Ever since I was a kid, through my glorious 20’s (luckily no pun intended behind me) and into the early 30’s (before I had my son), maintaining my weight has never been a problem. I’ve always trusted that if my weight drifts up by watching my diet, a little stress-free exercise would be enough to get me back to my ideal weight.
But things are changing
After the birth of my son (and gaining 60 pounds during pregnancy) my thyroid — which has always been rocky — decided to pretty much give up. When I was about 21 years old, it was discovered that I had a hypothyroidism problem (which is the problem of gaining weight easily and other uncomfortable symptoms). I did the annual blood tests religiously and took the tiny pill every day. But that all changed after the birth. A normal thyroid is in the 0.4 to 0.6 range, mine was 10.0 – a sure sign that it has submerged and is no longer regulating my body effectively.
So enter the diet loop
Even at the age of 16, obsessed with maintaining a slim figure, I “invented” my own diets. I remember one was nothing but hard boiled eggs, toast and something to drink. And I lost 18 pounds in two weeks (eggs are the secret).
Later in life I did the Scarsdale Diet. I can tell you it really works, but over time you start to really hate tomatoes. Meat is definitely on the menu at Scarsdale, along with plenty of veg and even fruit. It’s really balanced. They just don’t lick anything that tastes like “sweet”. Oh, and I can’t stand black coffee.
Then it was on to the “Diet in a Box” variations. Sure, they work, but after a week or so, the smell of cardboard boxes along with your meal reduces appetite anyway… maybe that’s why it works. And yes, combining the right amounts of carbohydrates, proteins, and fats is the real secret.
Which led me to the Atkins diet.
I didn’t just jump into Atkins. I read the book cover to cover and did some of my own research. Good, solid science facts – along with an insightful look at the lobbyist telling us what’s good to eat and what’s not (read high-sugar grain makers threatening us that eggs aren’t good for us, only their products are… best).
Okay, with the research behind me and my stable The Atkins Diet in hand, I emptied my kitchen of all the nasty (yet wonderful) goodies and started the 14-day portion of the diet.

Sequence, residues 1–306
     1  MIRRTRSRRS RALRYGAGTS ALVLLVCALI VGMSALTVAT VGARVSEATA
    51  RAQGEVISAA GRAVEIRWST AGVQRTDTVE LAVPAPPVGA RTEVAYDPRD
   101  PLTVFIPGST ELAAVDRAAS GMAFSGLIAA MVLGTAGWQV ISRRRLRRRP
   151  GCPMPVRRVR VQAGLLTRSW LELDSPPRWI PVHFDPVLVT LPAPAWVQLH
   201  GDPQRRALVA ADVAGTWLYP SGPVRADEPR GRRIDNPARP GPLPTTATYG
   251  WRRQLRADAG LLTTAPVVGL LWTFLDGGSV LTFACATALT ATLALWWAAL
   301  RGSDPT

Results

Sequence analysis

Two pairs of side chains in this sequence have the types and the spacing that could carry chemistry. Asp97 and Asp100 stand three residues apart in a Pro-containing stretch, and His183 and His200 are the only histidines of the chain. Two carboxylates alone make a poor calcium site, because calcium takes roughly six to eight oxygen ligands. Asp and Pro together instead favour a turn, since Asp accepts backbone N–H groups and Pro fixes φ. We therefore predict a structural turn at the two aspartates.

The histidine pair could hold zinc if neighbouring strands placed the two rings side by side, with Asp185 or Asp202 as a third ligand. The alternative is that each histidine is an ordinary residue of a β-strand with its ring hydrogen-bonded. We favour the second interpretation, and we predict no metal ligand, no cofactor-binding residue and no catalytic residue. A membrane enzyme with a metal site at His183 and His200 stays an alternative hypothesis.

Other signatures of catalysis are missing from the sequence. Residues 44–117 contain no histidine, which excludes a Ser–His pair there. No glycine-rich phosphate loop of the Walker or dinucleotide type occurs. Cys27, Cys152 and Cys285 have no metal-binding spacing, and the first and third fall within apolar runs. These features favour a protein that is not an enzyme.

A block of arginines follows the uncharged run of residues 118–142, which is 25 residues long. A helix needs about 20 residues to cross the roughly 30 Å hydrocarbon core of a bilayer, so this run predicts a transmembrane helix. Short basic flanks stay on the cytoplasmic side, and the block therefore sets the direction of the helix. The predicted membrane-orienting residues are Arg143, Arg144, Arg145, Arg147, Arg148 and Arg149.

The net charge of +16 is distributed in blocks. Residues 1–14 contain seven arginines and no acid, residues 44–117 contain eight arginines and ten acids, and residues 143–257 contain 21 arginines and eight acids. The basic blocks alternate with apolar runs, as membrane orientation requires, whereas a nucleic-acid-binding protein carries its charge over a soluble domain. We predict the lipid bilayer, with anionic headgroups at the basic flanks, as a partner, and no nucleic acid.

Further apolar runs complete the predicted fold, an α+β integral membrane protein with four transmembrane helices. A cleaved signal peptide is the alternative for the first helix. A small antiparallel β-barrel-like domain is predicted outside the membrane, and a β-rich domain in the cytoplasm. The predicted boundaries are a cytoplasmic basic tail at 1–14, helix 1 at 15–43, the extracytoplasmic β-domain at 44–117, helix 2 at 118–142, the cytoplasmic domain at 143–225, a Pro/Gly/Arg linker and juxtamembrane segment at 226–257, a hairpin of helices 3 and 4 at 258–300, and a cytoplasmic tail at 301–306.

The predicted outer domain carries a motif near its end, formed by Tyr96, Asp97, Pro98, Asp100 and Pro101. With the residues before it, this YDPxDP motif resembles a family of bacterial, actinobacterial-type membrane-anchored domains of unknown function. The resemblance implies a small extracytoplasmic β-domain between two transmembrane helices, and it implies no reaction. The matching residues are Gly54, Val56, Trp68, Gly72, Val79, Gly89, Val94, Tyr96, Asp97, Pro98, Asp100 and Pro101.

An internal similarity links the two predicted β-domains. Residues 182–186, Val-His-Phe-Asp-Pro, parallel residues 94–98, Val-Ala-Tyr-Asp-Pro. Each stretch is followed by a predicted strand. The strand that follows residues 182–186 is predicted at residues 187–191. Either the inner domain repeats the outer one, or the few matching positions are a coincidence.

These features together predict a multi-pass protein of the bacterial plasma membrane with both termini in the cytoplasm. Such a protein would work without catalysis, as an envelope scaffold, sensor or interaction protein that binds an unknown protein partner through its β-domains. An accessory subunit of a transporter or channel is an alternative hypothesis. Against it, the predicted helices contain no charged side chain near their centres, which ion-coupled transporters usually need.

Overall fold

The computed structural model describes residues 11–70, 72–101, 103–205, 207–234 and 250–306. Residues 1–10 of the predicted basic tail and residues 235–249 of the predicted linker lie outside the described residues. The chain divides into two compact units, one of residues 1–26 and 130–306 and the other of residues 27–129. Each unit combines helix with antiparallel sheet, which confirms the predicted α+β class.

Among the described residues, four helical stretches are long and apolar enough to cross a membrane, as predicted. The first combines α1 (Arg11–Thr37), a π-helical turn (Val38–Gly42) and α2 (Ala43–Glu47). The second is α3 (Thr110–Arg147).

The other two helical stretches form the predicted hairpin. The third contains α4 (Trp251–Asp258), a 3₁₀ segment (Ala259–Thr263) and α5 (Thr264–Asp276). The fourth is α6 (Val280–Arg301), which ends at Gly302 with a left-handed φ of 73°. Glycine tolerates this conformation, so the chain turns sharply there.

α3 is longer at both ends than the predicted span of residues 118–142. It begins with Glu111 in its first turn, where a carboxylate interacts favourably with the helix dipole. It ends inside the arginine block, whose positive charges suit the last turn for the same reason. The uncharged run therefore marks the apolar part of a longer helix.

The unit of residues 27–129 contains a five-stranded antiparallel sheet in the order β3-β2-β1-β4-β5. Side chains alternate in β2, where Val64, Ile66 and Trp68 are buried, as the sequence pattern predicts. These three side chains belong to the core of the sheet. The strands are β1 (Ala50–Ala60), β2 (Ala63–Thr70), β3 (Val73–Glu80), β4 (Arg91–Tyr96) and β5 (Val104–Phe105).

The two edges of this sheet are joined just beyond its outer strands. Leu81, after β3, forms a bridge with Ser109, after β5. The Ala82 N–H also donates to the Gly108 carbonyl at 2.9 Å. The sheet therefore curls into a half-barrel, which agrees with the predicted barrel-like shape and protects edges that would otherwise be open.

Sure enough, the scales moved (and still does), but more importantly, and almost immediately, my clothes start to “feel right” again.
They stay on the 14-day induction diet for (duh) 14 days. However, if you’re really overweight, you can continue on the less than 20 grams of carbs for longer. And yes, if you are overweight, it is still healthy.
I won’t go into detail about the different stages of this “lifetime change your eating habits” diet. It’s all in the book and I encourage you to read it. So many people I meet tell me, ‘Oh, but that’s not good nutrition. You eat too much of ___ or ____. And that’s not healthy.”
My very first question to people who make their negative comments is, “Have you read the book?”
The answer, when something truly ridiculous is thrown at me, is a resounding… no. However, they claim with an air of unreliable authority that they are right. I just smile and move on. I’m skinny, mostly not (and I don’t mean that harshly), they seriously need to maintain their weight.
To give you a hint about Atkins, late last year (around August 2005) I started again (yes, I know it’s supposed to be a lifelong way of eating, but when do we, the American people, ever have anything fully committed did?). unfortunate 30 pounds on my butt that had to be removed before turning 50 or over. Pretzels and high-carb snacks (where you can quickly grab a handful) are my downfall.
By February 2006 I had lost 33 pounds (and am still keeping it off). That’s seven months of eating the right combinations of proteins, fats, and carbohydrates as outlined in the Atkins diet plan. Averaging just under 5 pounds a month, or 1.25 pounds a week (give or take), this is a healthy approach to shedding your weight while actually maintaining it.
I even invented my own milkshake that works like a charm. Ice cream, Carb Hood Chocolate Drink (chocolate, of course), some Splenda and/or Torani Sugar Free Hazelnut, and a can of Atkin’s Chocolate Royale. Fills you up, is full of vitamins and minerals and works like magic, especially when it comes to losing weight.
So now you know my story about losing weight and losing weight. But before I go, I also want to bring this enchanting reality to your attention.
Why are there suddenly tons of commercials springing up saying “order a diet in a box”? What’s the first thing they tell you? All about glycemic ratio, of course, and when done in the right proportions for you, “the pounds just melt away!”
Yes, you are right. But these same people, along with all the miracle pill makers and the “health conscious” community, were until recently the same people who were yelling at you that the Atkins diet was unhealthy!
Duh… Atkins wrote about and implemented the proper carb combo diet decades ago. He has at least decades of research and true stories to back up what he’s been saying all along.
Combine the right foods for each individual and everyone can lose weight. Throw in some running to get your butt off the couch and get some exercise, and you have a surefire recipe for losing weight and keeping it off for the rest of your life.
Find what works for you, do it, stick with it, and you can be healthy and as lean and fit as is natural for YOU.
Thanks to Theresa Cahill